Broadly speaking, our group focuses on physical organic and supramolecular chemistry. Using mechanistic insights and knowledge of photophysics, we devise sensing systems for real-life applications. In particular, we create rapid screening assays for enantiomeric excess, diastereomeric excess, and reaction yield, as a means of facilitating reaction discovery in catalytic asymmetric induction. In addition, our analytical efforts involve the area of differential sensing, where an array of cross-reactive sensors are used to create patterns that are diagnostic of individual analytes or the consistency of complex mixtures. The current focus is on the classification of kinase activity in cells, and the potential to rapidly screen kinase inhibitors in a parallel fashion. Very recently, our group has delved into the area of reversible covalent bonding, creating a suite of reactions that can all occur simultaneously in the same solution with no crossover between them. We are exploiting these reactions for material applications, polymer synthesis, complex assembly formation, and self-replicating oligomers. Finally, we have active collaborations with the Ellington and Marcotte groups for generating sequence defined polymers and single molecule peptide sequencing routines.
Sequence-defined polymers, such as DNA, have gained attention for their potential in biomimetics, catalysis, and information storage. Our group has developed the solid phase synthesis of sequence-defined oligourethanes (sd-OU) using commercially available amino alcohols. We have shown that sd-OU self-sequence in a controlled manner through 5-exo-trig cyclization of the urethane backbone, which can be monitored with LC-MS. We then applied this self-sequencing ability to information storage. As a proof of concept, a passage from Jane Austen’s Mansfield Park was encoded into hexadecimal through the sequence of –R functional groups in sd-OUs and then decoded by a third party with full accuracy. To further expand upon this work in information storage, we are synthesizing longer sequence-defined polyurethanes, thereby increasing the storage capacity of each molecule, as well as investigating techniques to increase the speed of information retrieval. To demonstrate the versatility of sd-OU for information storage in languages other than English, we are encoding information in pictographic languages, such as Mandarin. Lastly, we are using sd-OU to study enzymatic degradation of polyurethane plastics.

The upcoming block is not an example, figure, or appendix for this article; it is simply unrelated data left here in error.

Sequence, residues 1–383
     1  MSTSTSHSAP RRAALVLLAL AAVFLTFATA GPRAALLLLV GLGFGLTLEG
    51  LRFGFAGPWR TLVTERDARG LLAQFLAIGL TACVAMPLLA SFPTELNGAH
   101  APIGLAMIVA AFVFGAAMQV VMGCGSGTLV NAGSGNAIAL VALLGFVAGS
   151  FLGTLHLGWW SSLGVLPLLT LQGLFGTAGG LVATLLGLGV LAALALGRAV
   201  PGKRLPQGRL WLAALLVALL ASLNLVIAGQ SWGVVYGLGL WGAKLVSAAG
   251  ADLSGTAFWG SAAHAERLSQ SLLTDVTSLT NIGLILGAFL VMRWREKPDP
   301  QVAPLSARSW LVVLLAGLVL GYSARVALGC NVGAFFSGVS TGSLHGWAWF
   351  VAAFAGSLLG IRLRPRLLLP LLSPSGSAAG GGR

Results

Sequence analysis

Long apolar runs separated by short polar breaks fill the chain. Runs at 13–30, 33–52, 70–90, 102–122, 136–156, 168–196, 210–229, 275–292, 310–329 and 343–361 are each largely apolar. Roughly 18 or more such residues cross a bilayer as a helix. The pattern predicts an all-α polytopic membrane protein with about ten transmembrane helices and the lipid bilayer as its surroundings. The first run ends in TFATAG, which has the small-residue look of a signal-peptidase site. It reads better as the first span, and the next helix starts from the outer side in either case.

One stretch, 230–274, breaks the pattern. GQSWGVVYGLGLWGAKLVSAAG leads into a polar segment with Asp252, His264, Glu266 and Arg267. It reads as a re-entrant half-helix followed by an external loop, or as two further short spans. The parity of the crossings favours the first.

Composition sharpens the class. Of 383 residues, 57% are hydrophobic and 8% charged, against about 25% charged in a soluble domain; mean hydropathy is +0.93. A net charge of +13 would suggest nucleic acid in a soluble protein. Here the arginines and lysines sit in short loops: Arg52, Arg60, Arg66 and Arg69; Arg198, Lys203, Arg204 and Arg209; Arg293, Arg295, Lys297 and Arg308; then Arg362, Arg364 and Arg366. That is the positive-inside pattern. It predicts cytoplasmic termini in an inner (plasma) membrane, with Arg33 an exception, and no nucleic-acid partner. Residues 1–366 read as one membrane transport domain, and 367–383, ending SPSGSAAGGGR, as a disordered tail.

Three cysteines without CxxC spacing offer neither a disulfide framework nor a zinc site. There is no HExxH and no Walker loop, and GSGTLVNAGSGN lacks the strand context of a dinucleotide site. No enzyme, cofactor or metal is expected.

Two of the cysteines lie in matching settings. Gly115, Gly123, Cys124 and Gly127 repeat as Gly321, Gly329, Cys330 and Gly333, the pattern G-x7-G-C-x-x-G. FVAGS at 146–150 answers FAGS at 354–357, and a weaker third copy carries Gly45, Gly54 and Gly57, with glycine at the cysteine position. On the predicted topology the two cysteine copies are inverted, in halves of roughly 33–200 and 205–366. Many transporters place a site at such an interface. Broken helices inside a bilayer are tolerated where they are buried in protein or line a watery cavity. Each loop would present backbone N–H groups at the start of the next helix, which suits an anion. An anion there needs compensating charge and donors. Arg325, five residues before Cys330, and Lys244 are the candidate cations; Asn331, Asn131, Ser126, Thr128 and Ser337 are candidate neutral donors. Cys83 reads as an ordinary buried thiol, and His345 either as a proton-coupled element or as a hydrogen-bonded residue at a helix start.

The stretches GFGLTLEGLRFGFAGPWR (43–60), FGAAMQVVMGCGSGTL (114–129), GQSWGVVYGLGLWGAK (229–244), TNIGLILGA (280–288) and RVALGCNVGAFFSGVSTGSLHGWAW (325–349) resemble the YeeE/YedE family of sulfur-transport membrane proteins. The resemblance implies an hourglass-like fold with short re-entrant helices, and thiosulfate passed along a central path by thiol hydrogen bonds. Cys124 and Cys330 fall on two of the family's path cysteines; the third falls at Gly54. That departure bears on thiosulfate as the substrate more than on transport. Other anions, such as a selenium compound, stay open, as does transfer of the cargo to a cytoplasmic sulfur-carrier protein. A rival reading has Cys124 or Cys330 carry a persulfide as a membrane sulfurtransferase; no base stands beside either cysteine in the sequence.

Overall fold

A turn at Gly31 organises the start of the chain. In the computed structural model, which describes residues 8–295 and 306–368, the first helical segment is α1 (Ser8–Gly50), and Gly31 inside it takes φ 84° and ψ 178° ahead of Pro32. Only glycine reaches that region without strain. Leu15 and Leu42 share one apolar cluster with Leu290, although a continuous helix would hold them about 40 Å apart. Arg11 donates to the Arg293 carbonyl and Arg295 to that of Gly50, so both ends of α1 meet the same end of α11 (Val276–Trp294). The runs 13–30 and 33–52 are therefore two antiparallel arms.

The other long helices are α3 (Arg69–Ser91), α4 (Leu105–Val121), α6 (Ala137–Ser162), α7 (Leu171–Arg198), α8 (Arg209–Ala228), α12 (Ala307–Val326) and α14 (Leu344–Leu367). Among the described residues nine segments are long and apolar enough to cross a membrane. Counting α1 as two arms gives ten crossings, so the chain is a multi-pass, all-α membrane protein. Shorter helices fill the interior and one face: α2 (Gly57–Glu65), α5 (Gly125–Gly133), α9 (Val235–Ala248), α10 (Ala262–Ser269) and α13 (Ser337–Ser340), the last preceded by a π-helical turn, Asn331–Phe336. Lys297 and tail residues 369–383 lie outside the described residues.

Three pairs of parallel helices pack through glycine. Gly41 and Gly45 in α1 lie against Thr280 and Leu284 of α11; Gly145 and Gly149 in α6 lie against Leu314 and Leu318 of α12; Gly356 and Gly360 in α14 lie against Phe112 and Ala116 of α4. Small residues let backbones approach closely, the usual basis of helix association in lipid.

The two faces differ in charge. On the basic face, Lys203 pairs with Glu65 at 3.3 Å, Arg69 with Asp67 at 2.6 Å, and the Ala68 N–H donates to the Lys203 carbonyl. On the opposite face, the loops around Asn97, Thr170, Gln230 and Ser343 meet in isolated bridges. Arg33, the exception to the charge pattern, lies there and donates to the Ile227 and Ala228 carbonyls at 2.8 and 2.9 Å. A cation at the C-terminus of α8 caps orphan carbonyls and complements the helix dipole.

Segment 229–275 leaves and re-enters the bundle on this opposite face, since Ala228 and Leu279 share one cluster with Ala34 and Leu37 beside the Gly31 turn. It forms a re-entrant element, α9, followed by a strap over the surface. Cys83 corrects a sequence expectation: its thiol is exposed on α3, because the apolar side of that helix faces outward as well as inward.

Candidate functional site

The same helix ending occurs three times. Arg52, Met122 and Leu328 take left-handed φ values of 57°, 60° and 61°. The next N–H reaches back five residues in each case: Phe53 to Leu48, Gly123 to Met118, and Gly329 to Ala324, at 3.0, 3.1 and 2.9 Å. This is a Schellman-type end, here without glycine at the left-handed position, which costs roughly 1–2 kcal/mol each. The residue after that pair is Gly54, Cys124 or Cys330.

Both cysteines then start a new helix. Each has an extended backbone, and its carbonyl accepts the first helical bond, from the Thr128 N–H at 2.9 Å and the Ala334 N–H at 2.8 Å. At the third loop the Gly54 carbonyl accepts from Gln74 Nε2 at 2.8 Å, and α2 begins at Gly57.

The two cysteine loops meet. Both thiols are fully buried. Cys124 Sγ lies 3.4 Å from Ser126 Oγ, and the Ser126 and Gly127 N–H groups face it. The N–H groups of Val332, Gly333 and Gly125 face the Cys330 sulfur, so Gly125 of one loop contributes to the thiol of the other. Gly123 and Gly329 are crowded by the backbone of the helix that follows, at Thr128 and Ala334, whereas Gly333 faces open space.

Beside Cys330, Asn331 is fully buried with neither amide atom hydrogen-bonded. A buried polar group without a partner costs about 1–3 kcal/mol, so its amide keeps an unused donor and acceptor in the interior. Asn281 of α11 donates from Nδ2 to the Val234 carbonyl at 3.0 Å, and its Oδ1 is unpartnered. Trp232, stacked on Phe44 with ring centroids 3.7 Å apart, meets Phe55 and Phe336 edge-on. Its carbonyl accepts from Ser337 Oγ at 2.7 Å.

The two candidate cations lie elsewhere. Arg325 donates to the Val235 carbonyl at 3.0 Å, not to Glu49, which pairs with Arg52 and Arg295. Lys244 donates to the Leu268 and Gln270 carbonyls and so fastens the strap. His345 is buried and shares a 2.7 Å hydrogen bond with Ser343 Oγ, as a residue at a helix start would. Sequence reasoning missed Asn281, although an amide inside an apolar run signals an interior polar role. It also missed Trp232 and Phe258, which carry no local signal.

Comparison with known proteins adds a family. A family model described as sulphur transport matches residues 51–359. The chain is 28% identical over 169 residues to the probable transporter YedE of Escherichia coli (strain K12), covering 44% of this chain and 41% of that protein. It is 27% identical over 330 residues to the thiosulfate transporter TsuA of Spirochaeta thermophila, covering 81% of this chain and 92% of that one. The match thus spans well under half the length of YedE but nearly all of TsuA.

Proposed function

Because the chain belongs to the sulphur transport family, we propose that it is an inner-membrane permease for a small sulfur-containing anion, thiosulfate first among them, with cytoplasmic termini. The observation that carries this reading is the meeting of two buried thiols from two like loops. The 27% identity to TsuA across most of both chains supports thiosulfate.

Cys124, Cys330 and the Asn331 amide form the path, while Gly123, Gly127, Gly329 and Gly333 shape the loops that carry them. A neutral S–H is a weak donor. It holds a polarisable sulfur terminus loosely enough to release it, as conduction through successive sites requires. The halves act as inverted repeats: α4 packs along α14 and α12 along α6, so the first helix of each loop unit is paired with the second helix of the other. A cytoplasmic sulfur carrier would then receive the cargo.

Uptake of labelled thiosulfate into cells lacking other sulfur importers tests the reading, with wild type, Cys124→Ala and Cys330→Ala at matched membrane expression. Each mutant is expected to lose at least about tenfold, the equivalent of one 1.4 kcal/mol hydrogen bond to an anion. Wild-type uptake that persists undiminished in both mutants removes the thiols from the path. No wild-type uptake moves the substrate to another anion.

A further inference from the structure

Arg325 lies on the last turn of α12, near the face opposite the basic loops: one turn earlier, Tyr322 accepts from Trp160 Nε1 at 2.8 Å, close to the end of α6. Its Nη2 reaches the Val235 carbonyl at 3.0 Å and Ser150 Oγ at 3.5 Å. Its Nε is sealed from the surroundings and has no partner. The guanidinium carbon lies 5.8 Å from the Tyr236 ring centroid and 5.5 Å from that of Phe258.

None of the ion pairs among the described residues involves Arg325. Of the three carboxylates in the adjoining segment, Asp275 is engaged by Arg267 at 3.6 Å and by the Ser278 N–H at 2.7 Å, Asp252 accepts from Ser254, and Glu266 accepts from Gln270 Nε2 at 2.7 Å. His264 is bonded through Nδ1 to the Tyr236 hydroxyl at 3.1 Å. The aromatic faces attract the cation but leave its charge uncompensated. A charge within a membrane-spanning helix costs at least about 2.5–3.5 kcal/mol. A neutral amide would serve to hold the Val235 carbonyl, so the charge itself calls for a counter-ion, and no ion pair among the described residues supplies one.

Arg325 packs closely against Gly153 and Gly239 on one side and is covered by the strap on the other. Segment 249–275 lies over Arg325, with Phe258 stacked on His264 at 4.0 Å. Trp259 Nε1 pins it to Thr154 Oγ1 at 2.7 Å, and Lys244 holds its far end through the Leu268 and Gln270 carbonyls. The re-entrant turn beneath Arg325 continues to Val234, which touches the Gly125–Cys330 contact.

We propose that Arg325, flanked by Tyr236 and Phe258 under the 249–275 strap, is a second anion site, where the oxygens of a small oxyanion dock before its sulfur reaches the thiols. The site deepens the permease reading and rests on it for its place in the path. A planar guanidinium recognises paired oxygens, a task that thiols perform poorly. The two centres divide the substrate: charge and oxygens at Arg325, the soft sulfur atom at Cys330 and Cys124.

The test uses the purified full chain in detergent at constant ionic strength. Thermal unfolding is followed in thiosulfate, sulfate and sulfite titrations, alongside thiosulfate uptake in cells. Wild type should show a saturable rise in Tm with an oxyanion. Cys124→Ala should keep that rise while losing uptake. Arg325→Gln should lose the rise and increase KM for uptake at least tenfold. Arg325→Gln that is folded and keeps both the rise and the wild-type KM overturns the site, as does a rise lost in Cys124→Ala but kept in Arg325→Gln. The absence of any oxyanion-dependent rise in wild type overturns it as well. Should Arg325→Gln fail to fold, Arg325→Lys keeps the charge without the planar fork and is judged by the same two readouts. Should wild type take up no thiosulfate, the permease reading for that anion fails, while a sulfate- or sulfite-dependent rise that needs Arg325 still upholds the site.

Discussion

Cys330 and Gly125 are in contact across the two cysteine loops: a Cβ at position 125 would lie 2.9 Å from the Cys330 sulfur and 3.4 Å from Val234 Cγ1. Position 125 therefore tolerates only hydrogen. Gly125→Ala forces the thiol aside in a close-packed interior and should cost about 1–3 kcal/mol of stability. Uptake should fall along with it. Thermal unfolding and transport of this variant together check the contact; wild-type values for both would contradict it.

ACS Cent. Sci. 2022, 8, 8, 1125-1133.
High-throughput experimentation (HTE) is a major focus of our group. HTE technologies in chemistry settings are often used for asymmetric reaction discovery and optimization in parallel. Although the methods for conducting reactions on such a scale is mature, the analysis of yield and enantiomeric excess (ee) is usually determined by chiral high-performance liquid chromatography (HPLC) with which reactions are analyzed sequentially. Our group and others have addressed this analysis bottleneck by developing chiroptical methods for the ee determination. These chiroptical assays can be conducted in 96-well plates and are conducive to high-throughput experimentation.
One of our multicomponent assays involves an circular dichroism (CD) active octahedral iron complex which incorporates a chiral amine to produce CD out of the absorbance region of common chiral interference compounds. When coupled with a fluorescent indicator displacement assay, both reaction yield and ee can be determined optically and thus in parallel.
Along with developing chiroptical assays for various functional groups, we’ve parameterized and computationally modeled multicomponent assemblies to understand the physicochemical parameters which govern the CD signal. A predictive model for the CD signal at 100% ee allows operators to circumvent the calibration experiments which relate CD signal to ee further increasing the speed benefits of chiroptical methods over HPLC.
Tetrahedron 2021, 94, 132315.
Proteins are biomacromolecules constructed from one or multiple polypeptide chains, which play essential roles in metabolism. The abnormal expression of specific proteins could be taken as one of the symptoms for diseases. However, proteins often exist in very complex environment and a human cell typically contains >10,000 unique proteins which make it extremely challenging to identify and quantify a single molecule in biological samples. Recently, our group, teamed with the Marcotte lab developed a single molecule fluorosequencing technology which offers the capability to identify and quantify every single peptide and protein molecule with low detection limits. The development of new chemical approaches for specific labeling of amino acids and differentiating end groups of peptides are crucial for the application of fluorosequencing technology. To this end, a part of the research in our lab focuses on the following areas: (i) Screening several orthogonal conjugation methods for the efficient labeling of fluorophores; (ii) Developing new chemical methods for the reversible/irreversible capture of N- and C-terminal of peptides; (iii) Exploring mild conditions for Edman degradation, particularly suitable for the fluorosequencing technology; (iv) Discovering chemical approaches to specifically label certain amino acids and peptide sequences. We believe that these chemical tools will not only benefit our fluorosequencing technology but also broadly applicable to other protein and peptide related researches.
Nat. Biotechnol. 2018, 36, 1076–1082.